They followed with a number of workplace demonstrations where users were able to schedule meeting rooms with Surface Hub capability and use a prototype business digital assistant in the room. Using a series of Microsoft tools, a woman who was deaf was able to move from her phone to PC to seamlessly collaborate with her peers.
It isn’t about using more screens or grabbing more screen time, it is about empowering more people and organizations. Nadella is clearly differentiating from firms like Google and Facebook where revenue comes from eyeballs on screens and not from more traditional forms and how that new model is corrupting collaboration and business/school productivity. It isn’t about mining users, it is about making users more productive, happier with their jobs, and able to collaborate more inclusively (despite race, age, sex or disability). For Microsoft, is isn’t about the limitless opportunity to grow revenue or dominate, it is about creating a limitless opportunity for the customers. (I often wish more CEOs would remember and articulate this, this is the way it should be but often isn’t.)
They offered demonstrations of tools that allowed those who can’t hear or see to better integrate with their peers. Microsoft announced AI for accessibility targeting this critical opportunity and the crowd went a little wild. This last gives me a lot of hope for the future: getting excited about something that helps others, rather than the latest toy or smartphone.
Wrapping Up: Microsoft’s Human Focus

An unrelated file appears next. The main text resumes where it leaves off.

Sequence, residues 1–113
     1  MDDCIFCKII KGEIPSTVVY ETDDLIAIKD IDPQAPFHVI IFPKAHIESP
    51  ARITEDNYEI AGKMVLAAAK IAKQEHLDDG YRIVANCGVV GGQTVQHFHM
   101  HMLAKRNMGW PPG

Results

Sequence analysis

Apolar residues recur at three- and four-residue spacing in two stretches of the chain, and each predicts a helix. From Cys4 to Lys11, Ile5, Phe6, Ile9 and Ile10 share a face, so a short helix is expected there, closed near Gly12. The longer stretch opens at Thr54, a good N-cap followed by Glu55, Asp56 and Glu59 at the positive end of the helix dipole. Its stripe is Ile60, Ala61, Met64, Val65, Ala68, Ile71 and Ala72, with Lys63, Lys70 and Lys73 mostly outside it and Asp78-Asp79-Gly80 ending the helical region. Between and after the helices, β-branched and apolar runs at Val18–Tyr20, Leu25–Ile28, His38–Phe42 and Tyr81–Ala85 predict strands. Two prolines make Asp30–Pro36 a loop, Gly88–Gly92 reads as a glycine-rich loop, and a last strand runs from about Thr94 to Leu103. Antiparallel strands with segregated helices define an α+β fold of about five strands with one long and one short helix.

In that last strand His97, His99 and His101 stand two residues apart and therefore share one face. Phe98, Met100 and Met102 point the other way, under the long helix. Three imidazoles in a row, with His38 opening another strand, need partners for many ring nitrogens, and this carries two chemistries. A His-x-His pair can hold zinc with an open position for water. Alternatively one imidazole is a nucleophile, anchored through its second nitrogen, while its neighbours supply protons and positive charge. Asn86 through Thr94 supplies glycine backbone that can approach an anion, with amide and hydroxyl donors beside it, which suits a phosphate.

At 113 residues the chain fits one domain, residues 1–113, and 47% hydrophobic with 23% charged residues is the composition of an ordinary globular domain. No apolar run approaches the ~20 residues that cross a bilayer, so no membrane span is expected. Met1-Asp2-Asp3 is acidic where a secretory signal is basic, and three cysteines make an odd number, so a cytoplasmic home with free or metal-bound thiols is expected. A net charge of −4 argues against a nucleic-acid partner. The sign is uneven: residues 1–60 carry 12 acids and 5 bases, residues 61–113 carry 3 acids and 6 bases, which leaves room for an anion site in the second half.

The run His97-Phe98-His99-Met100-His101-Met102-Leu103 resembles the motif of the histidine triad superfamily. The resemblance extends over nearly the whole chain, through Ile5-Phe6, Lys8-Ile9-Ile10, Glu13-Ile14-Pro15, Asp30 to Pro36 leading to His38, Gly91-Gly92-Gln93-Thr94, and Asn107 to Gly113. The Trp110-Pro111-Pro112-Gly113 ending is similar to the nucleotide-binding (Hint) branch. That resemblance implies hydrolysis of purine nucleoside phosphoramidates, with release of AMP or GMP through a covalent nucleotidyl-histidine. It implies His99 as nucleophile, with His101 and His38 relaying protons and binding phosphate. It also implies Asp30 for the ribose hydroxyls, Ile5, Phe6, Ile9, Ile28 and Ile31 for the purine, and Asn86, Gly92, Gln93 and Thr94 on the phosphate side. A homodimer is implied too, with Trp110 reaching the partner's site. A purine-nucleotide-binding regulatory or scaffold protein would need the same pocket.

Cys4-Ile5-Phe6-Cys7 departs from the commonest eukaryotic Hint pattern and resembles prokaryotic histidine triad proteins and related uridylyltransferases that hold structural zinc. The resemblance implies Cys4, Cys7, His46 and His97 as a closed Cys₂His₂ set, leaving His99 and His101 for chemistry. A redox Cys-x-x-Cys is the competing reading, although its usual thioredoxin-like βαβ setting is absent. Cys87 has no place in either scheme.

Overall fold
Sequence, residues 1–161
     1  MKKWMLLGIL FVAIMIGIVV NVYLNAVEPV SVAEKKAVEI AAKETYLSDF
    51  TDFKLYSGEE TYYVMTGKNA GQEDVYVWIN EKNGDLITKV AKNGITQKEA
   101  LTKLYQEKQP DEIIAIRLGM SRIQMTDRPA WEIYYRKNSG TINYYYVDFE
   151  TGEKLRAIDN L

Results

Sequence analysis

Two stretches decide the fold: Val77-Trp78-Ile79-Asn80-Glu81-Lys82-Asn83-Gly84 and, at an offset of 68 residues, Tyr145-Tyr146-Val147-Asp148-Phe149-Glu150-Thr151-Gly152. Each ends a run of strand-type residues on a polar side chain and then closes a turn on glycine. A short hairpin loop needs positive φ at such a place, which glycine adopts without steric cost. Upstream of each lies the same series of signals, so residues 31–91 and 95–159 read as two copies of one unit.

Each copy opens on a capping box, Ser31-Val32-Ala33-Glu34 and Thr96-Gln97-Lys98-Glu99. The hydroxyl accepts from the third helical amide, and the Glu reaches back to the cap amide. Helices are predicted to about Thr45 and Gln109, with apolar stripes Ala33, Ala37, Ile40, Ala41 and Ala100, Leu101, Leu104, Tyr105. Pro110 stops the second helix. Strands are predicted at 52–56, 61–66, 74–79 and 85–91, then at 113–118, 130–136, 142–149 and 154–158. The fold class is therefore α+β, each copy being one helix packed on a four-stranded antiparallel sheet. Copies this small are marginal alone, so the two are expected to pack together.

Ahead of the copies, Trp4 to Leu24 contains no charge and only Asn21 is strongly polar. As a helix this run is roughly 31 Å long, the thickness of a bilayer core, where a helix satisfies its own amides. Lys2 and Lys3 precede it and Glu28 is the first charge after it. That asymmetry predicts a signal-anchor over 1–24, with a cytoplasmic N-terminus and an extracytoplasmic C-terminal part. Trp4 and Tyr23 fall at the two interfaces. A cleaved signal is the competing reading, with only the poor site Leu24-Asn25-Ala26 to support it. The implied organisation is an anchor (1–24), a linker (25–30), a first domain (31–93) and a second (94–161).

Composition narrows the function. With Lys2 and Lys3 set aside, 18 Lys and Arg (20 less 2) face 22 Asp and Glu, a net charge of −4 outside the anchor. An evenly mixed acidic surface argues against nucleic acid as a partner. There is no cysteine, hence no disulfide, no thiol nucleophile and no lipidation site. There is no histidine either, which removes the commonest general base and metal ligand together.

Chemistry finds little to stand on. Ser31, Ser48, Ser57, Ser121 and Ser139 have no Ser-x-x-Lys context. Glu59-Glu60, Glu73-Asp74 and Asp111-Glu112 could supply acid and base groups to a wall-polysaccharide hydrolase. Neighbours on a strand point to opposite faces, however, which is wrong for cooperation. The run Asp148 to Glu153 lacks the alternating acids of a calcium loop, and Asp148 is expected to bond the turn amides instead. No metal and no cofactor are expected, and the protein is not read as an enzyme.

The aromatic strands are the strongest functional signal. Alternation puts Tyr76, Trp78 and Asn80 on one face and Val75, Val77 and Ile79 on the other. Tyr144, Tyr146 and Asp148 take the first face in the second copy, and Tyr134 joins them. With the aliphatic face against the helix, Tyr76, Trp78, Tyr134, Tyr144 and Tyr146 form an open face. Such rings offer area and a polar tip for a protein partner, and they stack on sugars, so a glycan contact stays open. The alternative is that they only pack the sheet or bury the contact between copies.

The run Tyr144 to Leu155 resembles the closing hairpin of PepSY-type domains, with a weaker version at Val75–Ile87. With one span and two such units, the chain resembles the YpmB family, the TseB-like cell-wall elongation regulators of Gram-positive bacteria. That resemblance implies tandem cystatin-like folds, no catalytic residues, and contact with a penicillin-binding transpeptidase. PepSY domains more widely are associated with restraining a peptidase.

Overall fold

It really amazes me how much Microsoft has changed since last decade. They praised Linux on stage and embraced open source. Much of their effort is in applying technology to help users and to make the world a better place to live in, not about pumping more crap into the market that no one seemed to want or ask for. Nadella, because he is one of them, spoke well to this developer audience and is a standing showcase of how important it is to have someone run a company who is intimate with its products and can identify with its customers. I was particularly touched by the focus on those who can’t hear or see, and the tools being created to help them have far better lives.
Finally, I agree with the differentiation that showcases why the focus on free and ad-funded efforts compromises the result. If you are paying the vendor then, at least, the customer/vendor relationship is understood. When advertisers pay for what you get, who owns your data gets muddy and the goals of the effort can be in direct opposition to the goals of the users, who are closer to being a product sold to others than the customers they should be.
Overall this was a nice balance of vision, product and customer empathy. Nicely done!
Rob Enderle is President and Principal Analyst of the Enderle Group, a forward-looking emerging technology advisory firm. With over 30 years’ experience in emerging technologies, he has provided regional and global companies with guidance in how to better target customer needs; create new business opportunities; anticipate technology changes; select vendors and products; and present their products in the best possible light. Rob covers the technology industry broadly. Before founding the Enderle Group, Rob was the Senior Research Fellow for Forrester Research and the Giga Information Group, and held senior positions at IBM and ROLM. Follow Rob on Twitter @enderle, on Facebook and on Google+